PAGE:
Debris Belts Around Vega Topic: Exoplanets Concepts: Infrared observations, debris disks, exoplanet detection, planetary systems Missions: Spitzer, Herschel Coordinated by the NASA Astrophysics Forum An Instructor’s Guide for using the slide sets is available at the ASP website http://www.astrosociety.org/education/astronomy-resource-guides/
Vega is wearing 2 belts! Vega • Infrared observations reveal the star Vegahas a “warm” inner dust belt in addition to the previously-observed outer “cold” dust belt. • The discovery can be explained by two belts of leftover planetesimals whose ongoing collisions produce the detected dust--analogous to the Sun’sasteroid and Kuiper Belts. Above: Image of the debris disk around the star Vega taken in infrared light with the Herschel Space Observatory. (Credit: Su et al., 2013) Right: Artist’s illustration of debris belt around Vega. (Credit: NASA/JPL-Caltech)
How was the Discovery Made? • The Spitzer Space Telescope and the Herschel Space Observatory detected infrared light in excess of that expected from the star alone. • By comparing Vega to similar stars, scientists subtracted the infrared emission produced by the star itself, leaving the emission radiated by surrounding dust particles warmed by the star. • The inner region of infrared excess could not be resolved into a belt like the outer one, but the temperature of the dust is consistent with an asteroid belt about the same proportional distance distance from Vega as ours is from our smaller Sun. inner belt outer belt Herschel Space Observatory infrared image of the debris disk around the star Vega, after subtracting the light of the star Vega itself. (Credit: Su et al., 2013)
The Big Picture • Scientists have found other stars with similar inner and outer debris belts, with the outer belt about ten times farther from the stars than the inner belt. • If Vega were eventually found to have several giant planets in orbit, this may suggest a common model for how stars form planets and how their planetary systems evolve. • One such star, HR8799, has been found to have four giant planets orbiting in the gap between belts. • Our own solar system also has four giant planets orbiting between the rocky asteroid belt and the icy Kuiper belt.
How does this discovery change our view? • Other stars can host planetary systems similar to the Sun. The outer belts of both Vega and Sun are about ten times more distant from the star than the inner belts. Our solar system has planets between debris belts, and Vega may have planets in the “gap” also. • Multiple debris belts may be a clue to the presence of several planets. • Our solar system may not be unique. In this diagram, the Vega system (left) is compared to our Solar system scaled up by a factor of four (right). The inner asteroid belt (orange) and Kuiper belt (red) are similar in relative scale, with the distance from the stars to the outer debris belts about ten times greater than the inner belts. The true relative size of our solar system is illustrated by the small drawing in the middle. Credit: NASA/JPL-Caltech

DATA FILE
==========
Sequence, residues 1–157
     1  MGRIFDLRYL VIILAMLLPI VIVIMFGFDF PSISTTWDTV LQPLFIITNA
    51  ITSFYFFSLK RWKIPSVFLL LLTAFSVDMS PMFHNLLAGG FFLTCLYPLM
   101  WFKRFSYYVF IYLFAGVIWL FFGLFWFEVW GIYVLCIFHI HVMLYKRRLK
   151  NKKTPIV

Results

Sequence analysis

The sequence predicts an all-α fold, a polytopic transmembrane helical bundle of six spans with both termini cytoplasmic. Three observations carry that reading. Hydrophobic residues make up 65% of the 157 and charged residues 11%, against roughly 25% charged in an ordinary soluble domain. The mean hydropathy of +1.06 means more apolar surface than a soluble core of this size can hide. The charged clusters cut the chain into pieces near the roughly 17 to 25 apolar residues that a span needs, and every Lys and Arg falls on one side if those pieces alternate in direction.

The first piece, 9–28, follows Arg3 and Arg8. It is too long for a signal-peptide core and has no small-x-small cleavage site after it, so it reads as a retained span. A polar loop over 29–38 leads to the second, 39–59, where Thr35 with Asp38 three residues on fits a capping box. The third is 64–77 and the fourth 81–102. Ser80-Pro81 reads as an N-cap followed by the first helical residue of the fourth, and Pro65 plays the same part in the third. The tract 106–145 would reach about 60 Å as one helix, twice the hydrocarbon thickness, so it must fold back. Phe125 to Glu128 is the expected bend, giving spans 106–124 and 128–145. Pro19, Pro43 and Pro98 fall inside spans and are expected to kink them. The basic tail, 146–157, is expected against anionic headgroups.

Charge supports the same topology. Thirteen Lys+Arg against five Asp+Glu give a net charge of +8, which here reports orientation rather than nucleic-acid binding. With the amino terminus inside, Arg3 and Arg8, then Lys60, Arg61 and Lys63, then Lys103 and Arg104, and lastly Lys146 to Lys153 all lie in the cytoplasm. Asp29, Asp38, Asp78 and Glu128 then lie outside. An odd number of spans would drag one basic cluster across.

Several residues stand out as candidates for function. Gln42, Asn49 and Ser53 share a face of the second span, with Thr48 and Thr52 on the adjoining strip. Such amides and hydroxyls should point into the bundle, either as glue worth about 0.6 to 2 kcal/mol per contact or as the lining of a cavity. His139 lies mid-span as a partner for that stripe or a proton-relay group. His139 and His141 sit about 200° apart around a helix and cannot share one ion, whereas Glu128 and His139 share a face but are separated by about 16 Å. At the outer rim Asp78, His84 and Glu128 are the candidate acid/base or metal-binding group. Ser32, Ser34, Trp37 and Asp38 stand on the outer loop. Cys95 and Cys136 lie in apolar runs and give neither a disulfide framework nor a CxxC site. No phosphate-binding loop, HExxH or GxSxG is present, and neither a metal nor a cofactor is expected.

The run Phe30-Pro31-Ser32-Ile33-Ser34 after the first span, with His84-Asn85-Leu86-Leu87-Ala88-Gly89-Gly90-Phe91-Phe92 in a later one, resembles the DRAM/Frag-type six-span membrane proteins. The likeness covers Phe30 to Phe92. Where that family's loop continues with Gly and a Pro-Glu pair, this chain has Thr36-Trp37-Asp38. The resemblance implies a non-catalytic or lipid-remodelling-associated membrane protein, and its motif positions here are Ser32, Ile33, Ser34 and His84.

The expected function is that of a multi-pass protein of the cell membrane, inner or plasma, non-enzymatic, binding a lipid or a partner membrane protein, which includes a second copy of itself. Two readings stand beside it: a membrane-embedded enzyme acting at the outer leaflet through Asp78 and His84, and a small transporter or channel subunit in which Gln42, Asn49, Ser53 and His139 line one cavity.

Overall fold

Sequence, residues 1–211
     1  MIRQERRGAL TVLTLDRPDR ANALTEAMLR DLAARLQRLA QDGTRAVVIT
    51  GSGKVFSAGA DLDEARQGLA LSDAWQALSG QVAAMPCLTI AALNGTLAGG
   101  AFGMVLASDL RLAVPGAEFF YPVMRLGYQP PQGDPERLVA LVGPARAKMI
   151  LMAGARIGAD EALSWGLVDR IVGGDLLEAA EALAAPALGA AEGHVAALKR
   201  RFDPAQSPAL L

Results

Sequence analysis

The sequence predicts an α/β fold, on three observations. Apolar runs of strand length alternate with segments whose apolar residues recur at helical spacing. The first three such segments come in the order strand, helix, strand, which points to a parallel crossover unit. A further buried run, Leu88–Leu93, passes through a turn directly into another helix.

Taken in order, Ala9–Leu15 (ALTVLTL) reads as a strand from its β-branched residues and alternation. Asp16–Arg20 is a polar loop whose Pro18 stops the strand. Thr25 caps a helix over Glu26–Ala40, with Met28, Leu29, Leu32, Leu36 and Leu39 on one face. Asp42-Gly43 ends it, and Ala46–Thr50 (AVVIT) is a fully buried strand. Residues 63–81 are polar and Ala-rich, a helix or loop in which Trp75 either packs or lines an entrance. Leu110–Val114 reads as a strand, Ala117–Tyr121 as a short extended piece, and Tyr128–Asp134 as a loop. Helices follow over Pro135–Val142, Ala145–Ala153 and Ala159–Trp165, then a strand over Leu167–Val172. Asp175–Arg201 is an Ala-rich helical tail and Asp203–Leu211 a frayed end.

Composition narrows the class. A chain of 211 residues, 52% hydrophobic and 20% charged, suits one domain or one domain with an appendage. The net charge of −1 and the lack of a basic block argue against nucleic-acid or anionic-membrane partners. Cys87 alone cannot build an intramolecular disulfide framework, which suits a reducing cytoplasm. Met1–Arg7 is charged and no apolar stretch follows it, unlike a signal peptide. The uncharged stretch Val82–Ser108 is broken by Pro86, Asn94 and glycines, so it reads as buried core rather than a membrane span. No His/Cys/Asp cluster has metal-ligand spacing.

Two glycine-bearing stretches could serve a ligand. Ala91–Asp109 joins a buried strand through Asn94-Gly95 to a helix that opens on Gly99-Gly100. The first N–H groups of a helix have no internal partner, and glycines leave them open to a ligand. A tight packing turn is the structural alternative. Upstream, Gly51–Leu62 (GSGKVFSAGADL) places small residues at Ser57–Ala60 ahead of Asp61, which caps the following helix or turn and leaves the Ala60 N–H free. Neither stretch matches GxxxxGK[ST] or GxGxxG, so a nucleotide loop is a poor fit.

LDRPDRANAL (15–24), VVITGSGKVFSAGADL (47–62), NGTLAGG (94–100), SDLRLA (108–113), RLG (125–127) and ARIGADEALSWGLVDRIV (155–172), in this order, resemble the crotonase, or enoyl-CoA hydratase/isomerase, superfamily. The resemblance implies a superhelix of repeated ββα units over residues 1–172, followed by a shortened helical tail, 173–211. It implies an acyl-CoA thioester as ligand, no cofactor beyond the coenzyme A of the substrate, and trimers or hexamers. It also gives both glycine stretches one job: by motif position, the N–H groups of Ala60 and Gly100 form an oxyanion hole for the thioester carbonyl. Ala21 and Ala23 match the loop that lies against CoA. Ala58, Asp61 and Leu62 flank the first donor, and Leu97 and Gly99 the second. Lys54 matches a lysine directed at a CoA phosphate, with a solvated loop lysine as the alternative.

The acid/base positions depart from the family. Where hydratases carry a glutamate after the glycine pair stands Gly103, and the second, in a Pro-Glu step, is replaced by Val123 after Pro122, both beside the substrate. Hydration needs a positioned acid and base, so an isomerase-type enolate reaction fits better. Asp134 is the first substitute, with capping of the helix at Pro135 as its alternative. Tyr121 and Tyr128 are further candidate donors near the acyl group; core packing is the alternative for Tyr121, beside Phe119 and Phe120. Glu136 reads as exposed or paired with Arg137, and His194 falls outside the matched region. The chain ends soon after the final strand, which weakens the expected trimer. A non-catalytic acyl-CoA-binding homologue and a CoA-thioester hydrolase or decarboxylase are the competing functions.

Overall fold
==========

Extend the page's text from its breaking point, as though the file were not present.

Resources Press Release on this result: • http://www.nasa.gov/home/hqnews/2013/jan/HQ_13-006_Vega_Asteroid_Belt.html Scientific Paper • Su, et al., 2013, ApJ 763:118 http://iopscience.iop.org/0004-637X/763/2/118/ Synopsis article • http://astrobites.org/2013/01/20/asteroid-belt-found-in-the-vega-system/ Additional Resources • Exoplanet resource guide http://www.astrosociety.org/education/astronomy-resource-guides/the-search-for-planets-around-other-stars/ • AAS announcement by Kate Su https://www.youtube.com/watch?v=neJkNoFl2uM
Debris Belts Around Vega BONUS CONTENT
Why haven’t we found planets for Vega? • Vega is oriented on the plane of the sky,so we’re looking at one of its poles, and its debris disk is seen face-on, not edge on. • We can’t detect planets by the “transit” method since they wouldn’t pass in front of the star from our perspective. • We can’t detect planets by the “Doppler” method because stars like Vega rotate very fast and have very few narrow lines in their spectra for noticing the tiny shifts in line position caused by the gravitational tugs of planets. Image credit: NASA/JPL-Caltech • Direct visual searches have turned up empty, suggesting orbiting planets are too small for us to yet detect by this method. • The more powerful James Webb Space Telescope or more sensitive ground-based searches may eventually find Jupiter-sized or smaller planets orbiting in Vega’s gap.